DID YOU READ

“Barney’s Version,” Reviewed

“Barney’s Version,” Reviewed (photo)

Posted by on

Paul Giamatti wears the role of Barney Panofsky, the prickly, big-hearted hero of “Barney’s Version,” like it’s a tailored suit. He takes obviously pleasure in it, and, watching, so do we — it’s a great fit. Barney is a man with an appreciation for life’s more rarefied and delicate things, though he’s earthbound himself, a creature of dark impulses and fleshly appetites, a fellow who relishes a drink and a cigar and a hockey game.

Yes, hockey. Barney, like Mordecai Richler, the author of the novel on which this film is based and to whom it’s dedicated (Michael Konyves wrote the screenplay), is Canadian, residing in Montreal and overseeing a popular, wretched-looking long-running soap opera about a Mountie called “O’Malley of the North.” (David Cronenberg cameos as an episode director who falls asleep on the job — Denys Arcand and Atom Egoyan also supposedly make appearances, though I failed to spot the latter.) He’s been married three times, divorced twice, but he’s only ever been in love once, with Miriam (Rosamund Pike), for whom he tumbled head over heels on the day of his wedding to another woman.

Directed by Richard J. Lewis, “Barney’s Version” runs 132 minutes and feels like it could have stretched twice that. Like so many reverent adaptations, it seems compressed thanks to a reluctance to leave any elements of the original out — and there’s a lot of ground to cover, since “Barney’s Version” is literally Barney’s version of his own swooping life story, recounted to no one in particular as a counterpoint to a recently published sleazy true crime tell-all that claims he’s a murderer. Characters and storylines suffer, but while the film is overstuffed, it’s overstuffed with many good things, and if it doesn’t come together perfectly it still offers the pleasing sensation of a long ramble with good friends.

12032010_barneysversion5.jpgIt’s good friends with which Barney’s keeping company, leading a bohemian ’70s lifestyle in Rome, in the film’s first flashback — “Barney’s Version” takes place primarily in the past, flickering forward on occasion to check in on the embittered, lonely present day Barney. There’s Cedric, aspiring painter Leo and the charming, shiftless, substance-abusing writer Boogie (Scott Speedman). Barney is their “only friend with a real job,” and he’s about to get married for the first time to the unstable Clara (Rachelle Lefevre), who’s pregnant with what she’s pretty sure is his baby.

When things ends in tragedy, Barney scurries home to Montreal in anguish, cleaning up, getting a job from his uncle and courting a nice Jewish girl (Minnie Driver) who transforms, as soon as a ring is on her finger, into a ballbusting stereotypical princess. Fortunately and unfortunately for Barney, he meets the true love of his life right after that happens — Miriam, a guest at the wedding, a willowy beauty whose train home to New York the drunken groom tries to chase down.

Barney’s crazy courtship of and eventual life with Miriam should be the centerpiece of the story, but Miriam’s a cipher, a woman whose unexplained embrace of Barney seems somehow to stem from her larger love of social responsibility — this jowly, impulsive, persistent guy seems so desperately to need cool-headed balance in his life, which she sees herself as able to provide. But Giamatti is great here, showing Barney as lit from within when he’s around her, and demonstrating how as the years pass he slowly looses his grip on her until she slips away.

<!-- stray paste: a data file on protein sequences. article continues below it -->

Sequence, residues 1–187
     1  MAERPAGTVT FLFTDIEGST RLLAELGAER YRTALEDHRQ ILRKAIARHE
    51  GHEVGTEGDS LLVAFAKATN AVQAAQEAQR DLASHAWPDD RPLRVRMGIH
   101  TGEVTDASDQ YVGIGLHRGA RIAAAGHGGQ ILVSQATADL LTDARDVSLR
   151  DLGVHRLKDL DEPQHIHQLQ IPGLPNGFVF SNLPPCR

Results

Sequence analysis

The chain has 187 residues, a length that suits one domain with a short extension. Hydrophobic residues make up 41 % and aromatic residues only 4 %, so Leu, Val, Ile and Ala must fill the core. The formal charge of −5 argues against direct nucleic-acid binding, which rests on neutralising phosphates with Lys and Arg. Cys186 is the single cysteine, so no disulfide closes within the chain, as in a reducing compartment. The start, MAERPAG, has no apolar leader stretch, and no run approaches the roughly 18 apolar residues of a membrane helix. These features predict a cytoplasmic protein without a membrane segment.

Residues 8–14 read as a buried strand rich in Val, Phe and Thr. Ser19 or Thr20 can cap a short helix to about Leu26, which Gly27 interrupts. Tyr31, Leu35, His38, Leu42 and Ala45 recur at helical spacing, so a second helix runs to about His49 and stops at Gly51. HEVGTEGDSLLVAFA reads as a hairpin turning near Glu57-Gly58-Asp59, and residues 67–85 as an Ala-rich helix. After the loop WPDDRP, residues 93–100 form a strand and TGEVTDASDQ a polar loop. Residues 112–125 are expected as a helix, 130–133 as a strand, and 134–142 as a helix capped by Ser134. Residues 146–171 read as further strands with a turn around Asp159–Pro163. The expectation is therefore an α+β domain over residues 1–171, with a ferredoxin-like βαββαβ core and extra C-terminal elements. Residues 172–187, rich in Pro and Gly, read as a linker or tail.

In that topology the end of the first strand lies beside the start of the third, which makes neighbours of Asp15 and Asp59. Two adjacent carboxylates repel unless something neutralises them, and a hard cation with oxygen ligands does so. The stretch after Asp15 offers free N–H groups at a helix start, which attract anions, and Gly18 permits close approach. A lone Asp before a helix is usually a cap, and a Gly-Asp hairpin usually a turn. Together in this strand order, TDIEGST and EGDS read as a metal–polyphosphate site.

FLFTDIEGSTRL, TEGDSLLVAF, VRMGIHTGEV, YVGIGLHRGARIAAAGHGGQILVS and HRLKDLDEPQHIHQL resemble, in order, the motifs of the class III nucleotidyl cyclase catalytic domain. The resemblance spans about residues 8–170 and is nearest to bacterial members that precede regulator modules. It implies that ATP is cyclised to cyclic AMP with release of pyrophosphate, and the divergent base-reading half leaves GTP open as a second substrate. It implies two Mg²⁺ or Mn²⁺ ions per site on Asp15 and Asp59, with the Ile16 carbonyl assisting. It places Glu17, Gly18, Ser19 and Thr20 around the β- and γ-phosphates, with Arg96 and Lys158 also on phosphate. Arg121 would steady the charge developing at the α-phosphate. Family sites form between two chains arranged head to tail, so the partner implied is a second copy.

It’s Barney’s relationship with his dad Izzy (Dustin Hoffman), a retired cop, that’s instead the film’s true heart. I don’t know how plausible the idea of Hoffman siring Giamatti is in terms of the two actors’ physicality, but the idea makes sense, and the scenes with the two of them are categorically moving. Barney is ferociously protective of his widowed working class father, particularly when he gets involved with his unnamed second wife, whose wealthy parents look down on Izzy’s tales of crime and punishment and police brutality.

12032010_barneysversion3.jpgAt dinner with them for the first time, Izzy is called out by the patriarch for saying that he never made detective on the force because he’s Jewish — maybe it was his conduct, the other man suggests, that kept him from succeeding professionally. Izzy looks at his son and then swallows his pride and then genuflects to the rich asshole so that things can continue smoothly. Izzy returns the favor at the wedding when his father-in-law tries to cut the two of them off at the bar. Later in life, Izzy will get a glimpse of the dark side of the law his father so glibly talks about, and the man will come to his rescue once again.

So Barney’s life is marked by loving fiercely if not always well, and by yearning for art while only having a talent for business, aspects of his character that also comes into play in his relationship with his gifted, irresponsible best friend Boogie, which provides the frame to which this shaggy dog story is leashed. It’s another underdeveloped thread that can’t provide the closure it’s meant to, but by that point it’s incidental. It’s Barney, despite and because of all his failings and disappointments, that we care about, and that’s really a credit to Giamatti’s marvelous performance.

“Barney’s Version” is now playing in New York and Los Angeles, and will open for a wider run January 14th.

Neurotica_105_MPX-1920×1080

New Nasty

Whips, Chains and Hand Sanitizer

Turn On The Full Season Of Neurotica At IFC's Comedy Crib

Posted by on

Jenny Jaffe has a lot going on: She’s writing for Disney’s upcoming Big Hero 6: The Series, developing comedy projects with pals at Devastator Press, and she’s straddling the line between S&M and OCD as the creator and star of the sexyish new series Neurotica, which has just made its debut on IFC’s Comedy Crib. Jenny gave us some extremely intimate insight into what makes Neurotica (safely) sizzle…